We visited Pascale Chandler in her home and studio, where she offers tuition in painting to artists in Durban. Pascale is regarded as an exceptional teacher, with a keen interest in exploring a wide range of mark making, never afraid to experiment with a process that might result in unlocking the magic of the paint. She has enjoyed a long association with the KZNSA and other institutions since 1997, serving as president of the KZNSA in 2006-2007, and as a regional ABSA Atelier Judge in 2006. Her work was featured on the Natal Biennale 1991, at Momentum Art in Pretoria 1993 and The Grahamstown Festival in 2015 and is a part of the Durban Art gallery collection.
Pascale’s work is created in conversation with her environment and her tactile sense of observation. Her paintings are layered with a complex attention to surface, environmental and spacial dimensions - the horse playing a central role - as she explores both the mythical and historical iconography of this subject. She often portrays the idea of an imaginary horse and an imaginary figure setting out on a solo journey of abundant fun - aiming to find an awkward, marionette-like quality.
Catch a glimpse of how she creates her paintings using oil paint, charcoal, cutouts and stencils in our short film:
We chatted to Pascale about her work, her teaching studio and what inspires her playful horse paintings…
SOTA: Thank you so much for chatting to us today and so warmly welcoming us into your studio! Firstly, what do you think is the most important thing people should know about the art you create?
PC: I think it is the process: it is not just what it takes to make an image but it is about the research and how one develops an idea and a subject matter. It is the process of falling in love - that’s what I label it as! I think the more intimate we become with a particular subject matter, the more it evolves and transforms into a new language. Everything I do is motivated by the non-obvious, the secretive, the hidden treasures. I think that adds magic and poetry to the mundanity and ordinariness of life.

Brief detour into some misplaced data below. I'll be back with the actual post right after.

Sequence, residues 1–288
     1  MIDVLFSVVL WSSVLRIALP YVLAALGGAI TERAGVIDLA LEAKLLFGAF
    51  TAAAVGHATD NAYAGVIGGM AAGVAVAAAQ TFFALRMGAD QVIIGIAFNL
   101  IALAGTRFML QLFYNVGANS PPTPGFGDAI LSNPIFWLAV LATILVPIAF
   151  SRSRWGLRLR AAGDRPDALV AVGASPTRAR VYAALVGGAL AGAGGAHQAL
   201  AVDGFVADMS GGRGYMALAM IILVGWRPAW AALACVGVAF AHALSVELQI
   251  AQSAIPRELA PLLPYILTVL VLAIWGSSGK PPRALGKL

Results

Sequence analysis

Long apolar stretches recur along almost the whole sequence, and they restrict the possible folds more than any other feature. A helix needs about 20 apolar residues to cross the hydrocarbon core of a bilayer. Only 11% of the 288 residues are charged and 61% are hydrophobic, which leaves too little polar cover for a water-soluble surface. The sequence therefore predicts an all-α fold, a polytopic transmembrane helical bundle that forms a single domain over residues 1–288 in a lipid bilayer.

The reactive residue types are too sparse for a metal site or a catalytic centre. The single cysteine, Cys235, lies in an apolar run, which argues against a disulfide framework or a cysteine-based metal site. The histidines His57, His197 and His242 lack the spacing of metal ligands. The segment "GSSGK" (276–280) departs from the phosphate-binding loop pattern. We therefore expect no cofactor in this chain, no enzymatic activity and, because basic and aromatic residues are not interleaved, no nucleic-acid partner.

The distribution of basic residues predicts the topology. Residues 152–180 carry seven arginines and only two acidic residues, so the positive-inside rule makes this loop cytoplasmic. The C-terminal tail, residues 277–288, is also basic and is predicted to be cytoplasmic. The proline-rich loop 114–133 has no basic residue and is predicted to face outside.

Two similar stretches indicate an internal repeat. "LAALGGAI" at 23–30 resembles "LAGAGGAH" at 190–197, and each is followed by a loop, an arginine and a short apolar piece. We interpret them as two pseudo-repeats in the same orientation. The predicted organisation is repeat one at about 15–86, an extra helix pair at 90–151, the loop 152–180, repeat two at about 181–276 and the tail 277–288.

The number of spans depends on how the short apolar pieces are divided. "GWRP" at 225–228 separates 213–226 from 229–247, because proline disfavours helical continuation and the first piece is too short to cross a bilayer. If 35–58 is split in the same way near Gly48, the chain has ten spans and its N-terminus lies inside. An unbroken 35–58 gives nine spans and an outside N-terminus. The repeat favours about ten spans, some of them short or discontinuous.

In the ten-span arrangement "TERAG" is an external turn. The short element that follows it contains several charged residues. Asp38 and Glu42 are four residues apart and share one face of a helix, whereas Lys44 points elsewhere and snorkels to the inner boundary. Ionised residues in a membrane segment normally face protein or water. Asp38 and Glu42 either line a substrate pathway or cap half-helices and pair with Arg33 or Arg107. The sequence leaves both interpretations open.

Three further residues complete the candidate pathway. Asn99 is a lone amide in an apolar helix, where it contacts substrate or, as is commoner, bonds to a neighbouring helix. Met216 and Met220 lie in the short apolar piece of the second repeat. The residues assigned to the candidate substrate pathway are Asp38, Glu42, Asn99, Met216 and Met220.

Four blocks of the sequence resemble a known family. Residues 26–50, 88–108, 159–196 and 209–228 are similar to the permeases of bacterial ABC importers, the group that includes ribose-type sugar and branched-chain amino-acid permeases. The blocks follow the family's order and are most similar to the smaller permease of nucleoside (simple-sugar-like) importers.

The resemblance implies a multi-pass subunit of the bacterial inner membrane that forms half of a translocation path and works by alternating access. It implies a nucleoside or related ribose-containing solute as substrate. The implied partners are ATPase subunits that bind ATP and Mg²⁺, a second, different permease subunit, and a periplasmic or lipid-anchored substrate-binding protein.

I’ve found that working with paper is a wonderful way of simplifying and abstracting as it is about discovery and being that child again. I think the academic training of how to construct a painting is very important as one needs the basic training to fall in love with the medium. But you also have to take chances and accept what the medium does, continuing to - not only develop - but play and explore…
SOTA: Why are you interested in portraying horses? Do you enjoy horse riding yourself?
PC: We did have a horse called Moscow when I was growing up - a very old horse - and as a child I used to ride. I prefer painting animals and nature and plants as opposed to figures - it is an affinity I have with nature. My dad was a vet and I spent a lot of time with animals, so I feel far more earthbound and in touch with nature. Seeing it grow - the observation of that is a very a fulfilling and calming process.
Also, I never learnt to drive so I walk everywhere. When one walks, unlike in a car, you are aware - you look down, you pause. It’s a sensory thing. You pick up things, things that are discarded, things that have been left behind by people, and I really enjoy that. Public transport also allows me to connect with the community in a direct way so I feel more grounded and more rooted.
It is also seasonal. When things flower and observing the change of seasons has been a theme I have explored with the Fillies. Winter, spring, summer, autumn… I’m not too sure why, but I think it is quite a central motivation for me when constructing the horses. It is kind of like a time-lapse - they are very organic and playful. Durban is a very lush city and the colours are so bright and I’ve had a very neutral palette for a very long time so it was a way for me to explore colour again in a non-traditional way. Using paper cutouts and inserts has allowed me not only to be playful, but to create almost little maquettes that ignite a completely new sense of image-making.
SOTA: Lastly, tell us about your teaching studio here in Durban?
PC: I think it is important for artists to work in isolation but also to have a network. My teaching studio here has existed since 1986. It has grown and evolved over the years and now I find that the artists that have been with me, sometimes have refused to graduate! The value of that is about interacting with other artists, discussing ideas, creating a platform. It is about triggers - about the fact that in isolation we become a lot more introspective and we tend to go around in circles, so it is very nice to interface with other artists. I really love that I have provided this for the painters here for the past 30 years.